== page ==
February 02, 2009

Despite slow sales that only barely sold out Super Bowl advertising, and that during the week of the Super Bowl itself (and we don't know at what price incentive the last two spots were sold), the Ashley Madison commercial was not among them. Having an affair is not yet against the law, nor is helping and abetting such an affair -- yet apparently we still must not acknowledge that fact on national television, and national television dare not profit from it (directly).

Never mind the minor point that, during the opening scenes of a full-fledged depression, Ashley Madison appears to be one of the few companies easily able to absorb the astronomical cost of such a commercial. Obviously the business is thriving -- as is its counterpart and complement, Alibi Network -- which suggests in turn that obviously a need is being met.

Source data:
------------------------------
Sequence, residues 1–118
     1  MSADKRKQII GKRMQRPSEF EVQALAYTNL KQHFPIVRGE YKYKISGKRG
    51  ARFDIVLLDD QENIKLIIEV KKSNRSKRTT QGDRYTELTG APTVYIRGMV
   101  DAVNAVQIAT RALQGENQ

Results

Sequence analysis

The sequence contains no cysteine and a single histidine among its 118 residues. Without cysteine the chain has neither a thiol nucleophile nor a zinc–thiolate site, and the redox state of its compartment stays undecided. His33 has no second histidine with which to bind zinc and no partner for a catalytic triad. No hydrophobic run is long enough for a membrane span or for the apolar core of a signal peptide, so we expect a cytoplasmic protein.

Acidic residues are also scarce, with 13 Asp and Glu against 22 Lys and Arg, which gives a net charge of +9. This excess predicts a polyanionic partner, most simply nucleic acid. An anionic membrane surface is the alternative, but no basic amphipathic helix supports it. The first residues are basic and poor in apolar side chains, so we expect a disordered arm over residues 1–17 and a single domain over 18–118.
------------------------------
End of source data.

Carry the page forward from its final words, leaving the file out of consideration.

Equally obviously, the word of mouth, free mass media, and blogosphere publicity garnered by the commercial's having been rejected is much more valuable as airing the commercial would have been.

Yet whatever the monetary cost, whatever the background truth, the rejection does allow us to retain our determined image of our own society for just a little longer. Who can put a price on that?

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